In response to: MDM Styles… Going out of StyleTrying to find next series of this good article. I couldn't find under same authors or links towards them. This was a year old article hoping we have published next series.
InfoSphere Master Data Management Best Practices
About this Blog Series
Master Data Management (MDM) solves the common problem of how to provide and maintain the single version of the truth for an information domain such as customer, product or account. Although there has been a lot written about selecting the right “MDM implementation style” for your project, the truth is that a single textbook MDM implementation style is rarely a perfect fit for an enterprise. Many implementations today are faced with designing around a single, less-than-ideal MDM style to simply move their solution forward. Taking this route incurs risk and may leave data owners, past and present, in the political battlefield where MDM solutions may end up stalling needlessly.
This blog series reviews the traditional MDM styles, the problems resulting from these rigid definitions and how adaptive MDM technologies, such as InfoSphere MDM, can address the evolution of an MDM solution in the enterprise. The only constant in an enterprise is change -- adaptive MDM fits you; you shouldn’t have to fit it.
Part 1: MDM Styles
Maintaining a single version of the truth across the enterprise is a must-have in most industries where compliance to standards and regulations is important. Master Data Management (MDM) is an approach that decouples master information from the applications that created it and pulls it all together to provide a single, unified view across business processes, transactional systems, and analytical systems. For a number of years now, my customers have been focused on improving their data quality and establishing prescriptive guidelines for data governance. There are a number of flavors to implementing such a solution - all having the common end goal of being the authoritative provider of timely, high-quality, master data to the information supply chain. An equally important goal is to ensure that master data gets consistently consumed and managed by the enterprise.
Equally common is the fact that each MDM solution tends to have its own nuances. As a result, speaking to the MDM styles in their purest form has one of two effects: it either puts the people in the back row to sleep or generates heated discussion around how the gaps in each of these styles.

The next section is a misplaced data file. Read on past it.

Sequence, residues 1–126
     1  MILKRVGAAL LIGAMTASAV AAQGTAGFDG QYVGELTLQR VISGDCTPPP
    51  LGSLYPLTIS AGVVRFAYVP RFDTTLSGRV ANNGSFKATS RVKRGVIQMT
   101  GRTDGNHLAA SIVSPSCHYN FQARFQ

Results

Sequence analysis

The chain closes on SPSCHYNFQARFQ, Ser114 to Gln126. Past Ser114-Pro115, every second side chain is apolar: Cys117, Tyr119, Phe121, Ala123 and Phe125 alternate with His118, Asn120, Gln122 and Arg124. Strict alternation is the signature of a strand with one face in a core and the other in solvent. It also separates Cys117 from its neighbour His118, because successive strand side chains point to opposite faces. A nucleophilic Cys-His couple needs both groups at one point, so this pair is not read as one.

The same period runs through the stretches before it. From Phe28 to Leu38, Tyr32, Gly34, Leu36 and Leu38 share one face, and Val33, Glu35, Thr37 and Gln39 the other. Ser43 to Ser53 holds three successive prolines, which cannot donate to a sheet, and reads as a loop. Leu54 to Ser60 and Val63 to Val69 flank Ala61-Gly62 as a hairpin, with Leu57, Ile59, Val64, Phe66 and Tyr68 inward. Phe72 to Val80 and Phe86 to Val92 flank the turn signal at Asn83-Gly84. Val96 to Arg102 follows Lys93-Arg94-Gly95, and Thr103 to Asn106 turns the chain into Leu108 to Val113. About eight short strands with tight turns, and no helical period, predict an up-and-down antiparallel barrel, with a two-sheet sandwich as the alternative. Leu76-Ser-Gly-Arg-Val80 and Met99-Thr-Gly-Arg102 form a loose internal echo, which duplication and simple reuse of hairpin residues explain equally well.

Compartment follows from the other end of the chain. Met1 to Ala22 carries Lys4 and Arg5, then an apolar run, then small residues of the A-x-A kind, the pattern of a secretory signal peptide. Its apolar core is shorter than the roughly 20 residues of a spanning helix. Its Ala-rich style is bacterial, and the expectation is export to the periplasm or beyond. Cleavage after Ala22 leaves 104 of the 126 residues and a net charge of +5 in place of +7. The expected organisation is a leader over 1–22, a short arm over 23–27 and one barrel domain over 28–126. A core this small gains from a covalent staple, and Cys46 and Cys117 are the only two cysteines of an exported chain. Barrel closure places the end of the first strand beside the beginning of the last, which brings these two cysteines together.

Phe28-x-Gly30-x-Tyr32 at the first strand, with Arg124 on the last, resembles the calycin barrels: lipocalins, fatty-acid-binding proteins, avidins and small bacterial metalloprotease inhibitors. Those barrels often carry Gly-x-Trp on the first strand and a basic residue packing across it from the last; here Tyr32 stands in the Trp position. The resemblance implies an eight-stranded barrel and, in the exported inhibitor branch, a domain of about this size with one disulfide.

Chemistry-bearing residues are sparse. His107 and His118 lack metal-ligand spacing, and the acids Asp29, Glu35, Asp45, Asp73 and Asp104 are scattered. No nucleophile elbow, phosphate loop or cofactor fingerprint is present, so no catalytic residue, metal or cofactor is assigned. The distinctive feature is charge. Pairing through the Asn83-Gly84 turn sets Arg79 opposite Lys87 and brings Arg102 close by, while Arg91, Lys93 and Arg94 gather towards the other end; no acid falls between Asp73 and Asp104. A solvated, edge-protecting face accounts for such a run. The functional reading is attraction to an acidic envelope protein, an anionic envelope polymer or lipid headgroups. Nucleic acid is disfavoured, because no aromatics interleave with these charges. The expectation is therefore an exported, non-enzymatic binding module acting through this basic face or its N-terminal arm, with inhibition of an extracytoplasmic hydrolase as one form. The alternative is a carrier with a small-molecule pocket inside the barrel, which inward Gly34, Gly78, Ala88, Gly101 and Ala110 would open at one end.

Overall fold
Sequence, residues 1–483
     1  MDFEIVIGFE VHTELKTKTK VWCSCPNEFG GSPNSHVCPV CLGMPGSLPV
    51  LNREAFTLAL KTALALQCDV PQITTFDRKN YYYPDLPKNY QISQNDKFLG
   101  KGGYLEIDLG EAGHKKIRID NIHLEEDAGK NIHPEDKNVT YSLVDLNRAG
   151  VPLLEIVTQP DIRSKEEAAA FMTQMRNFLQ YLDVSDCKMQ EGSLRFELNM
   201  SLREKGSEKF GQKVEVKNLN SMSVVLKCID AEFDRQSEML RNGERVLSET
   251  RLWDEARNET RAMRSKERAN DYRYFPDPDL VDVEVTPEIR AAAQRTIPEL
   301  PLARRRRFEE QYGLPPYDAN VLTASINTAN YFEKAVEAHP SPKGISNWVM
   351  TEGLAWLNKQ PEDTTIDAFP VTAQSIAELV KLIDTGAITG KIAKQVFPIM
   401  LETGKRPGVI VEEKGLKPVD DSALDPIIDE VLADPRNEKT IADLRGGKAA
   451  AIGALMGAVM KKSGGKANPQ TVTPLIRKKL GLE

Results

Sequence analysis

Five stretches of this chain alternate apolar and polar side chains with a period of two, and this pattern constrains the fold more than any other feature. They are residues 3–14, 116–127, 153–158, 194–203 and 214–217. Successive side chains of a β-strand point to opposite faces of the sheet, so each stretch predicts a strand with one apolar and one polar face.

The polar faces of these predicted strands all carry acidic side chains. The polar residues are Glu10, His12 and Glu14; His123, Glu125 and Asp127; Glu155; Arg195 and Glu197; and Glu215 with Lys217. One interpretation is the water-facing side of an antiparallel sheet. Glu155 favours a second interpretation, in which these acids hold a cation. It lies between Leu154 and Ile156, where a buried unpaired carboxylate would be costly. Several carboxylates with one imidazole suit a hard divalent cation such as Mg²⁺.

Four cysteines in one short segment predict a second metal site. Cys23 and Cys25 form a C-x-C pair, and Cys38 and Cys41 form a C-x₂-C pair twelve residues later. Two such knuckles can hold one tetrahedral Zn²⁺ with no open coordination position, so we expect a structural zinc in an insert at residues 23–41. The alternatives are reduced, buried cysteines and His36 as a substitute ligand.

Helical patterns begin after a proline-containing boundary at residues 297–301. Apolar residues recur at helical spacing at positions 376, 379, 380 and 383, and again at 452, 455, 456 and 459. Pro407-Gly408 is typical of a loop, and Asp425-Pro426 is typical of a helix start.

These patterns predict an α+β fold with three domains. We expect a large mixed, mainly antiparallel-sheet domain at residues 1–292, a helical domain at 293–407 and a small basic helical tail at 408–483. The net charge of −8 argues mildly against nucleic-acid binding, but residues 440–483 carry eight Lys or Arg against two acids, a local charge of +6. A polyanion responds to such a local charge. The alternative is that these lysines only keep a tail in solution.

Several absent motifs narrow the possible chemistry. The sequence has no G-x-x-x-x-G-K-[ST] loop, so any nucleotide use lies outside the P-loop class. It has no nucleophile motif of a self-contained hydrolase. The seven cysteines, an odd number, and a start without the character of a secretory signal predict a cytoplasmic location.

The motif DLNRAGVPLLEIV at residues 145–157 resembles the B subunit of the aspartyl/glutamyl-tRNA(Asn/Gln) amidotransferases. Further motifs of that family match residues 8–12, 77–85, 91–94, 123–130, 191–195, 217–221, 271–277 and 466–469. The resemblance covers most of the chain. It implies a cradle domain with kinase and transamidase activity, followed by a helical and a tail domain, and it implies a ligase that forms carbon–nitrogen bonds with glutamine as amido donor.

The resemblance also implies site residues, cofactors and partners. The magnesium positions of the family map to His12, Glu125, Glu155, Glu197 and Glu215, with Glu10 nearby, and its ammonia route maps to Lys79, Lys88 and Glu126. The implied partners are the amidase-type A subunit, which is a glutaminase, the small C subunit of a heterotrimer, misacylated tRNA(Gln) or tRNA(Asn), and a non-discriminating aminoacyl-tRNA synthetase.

The centralized or transactional style is an approach where all information relevant to providing a single view is loaded from the source systems into a new central repository. The matching and collapsing of records across the source systems is done and a single view of the party is typically persisted and updated in this repository. The MDM system now becomes the System of Record (SOR) for storing master data and the operational data management of master data and the source systems may or may not be in the picture still. If they are they may subscribe to consume updates to master data they care about as necessary.
In the registry style, the Systems of Record for master data are the source systems. That is, changes to master data continue be made through existing source systems – data ownership does not move to the MDM hub. Only enough information to match and provide the linkage between very similar or matching records is stored and a trusted view of this information is derived and supplied to the consumer on demand. In this style, a single view of the party is not persisted – master data is owned and modifications to it continue to be made via the source systems.
If MDM were only a technology problem, choosing one implementation style or another might address the need. But MDM is not just a technology problem. The introduction of MDM to an enterprise requires careful thought around existing business processes that need to be retained key new business processes that will be enabled to drive down cost and generate revenue. Implementation teams often find themselves working around these purist styles when they find themselves in more hybrid scenarios – scenarios where both registry and centralized MDM capabilities are required.
For example, it may be that the business is not ready to dive immediately into a centralized MDM implementation, but the business does have a clear plan to have a central authoring source for master data down the road. As another example, the business perhaps has no plan to have a central authoring source at all, but simply wants the flexibility to add information to the centralized version of the party while continuing to make changes to other information via the source systems.
How do you go about centrally managing some master data elements within the context of a registry implementation? How could you retain all source records and at the same time augment the enterprise version of the record with centrally owned attributes in the context of a centralized implementation? Can either of these approaches easily meet both the functional and non-functional requirements of the business?
What is clear from these scenarios and the questions they raise is that most implementations require a flexible mix of registry and centralized, or “hybrid” MDM capabilities. Whether the end goal of an MDM solution is to eventually have a single System of Record for all master data, or just to enable various stages of migrating to this ideal state, your MDM system should be adaptable.
In the next blog entry we will dive deeper into data ownership, the fact that data ownership in and of itself has a lifecycle, and the challenges data governance activities pose to data integration projects.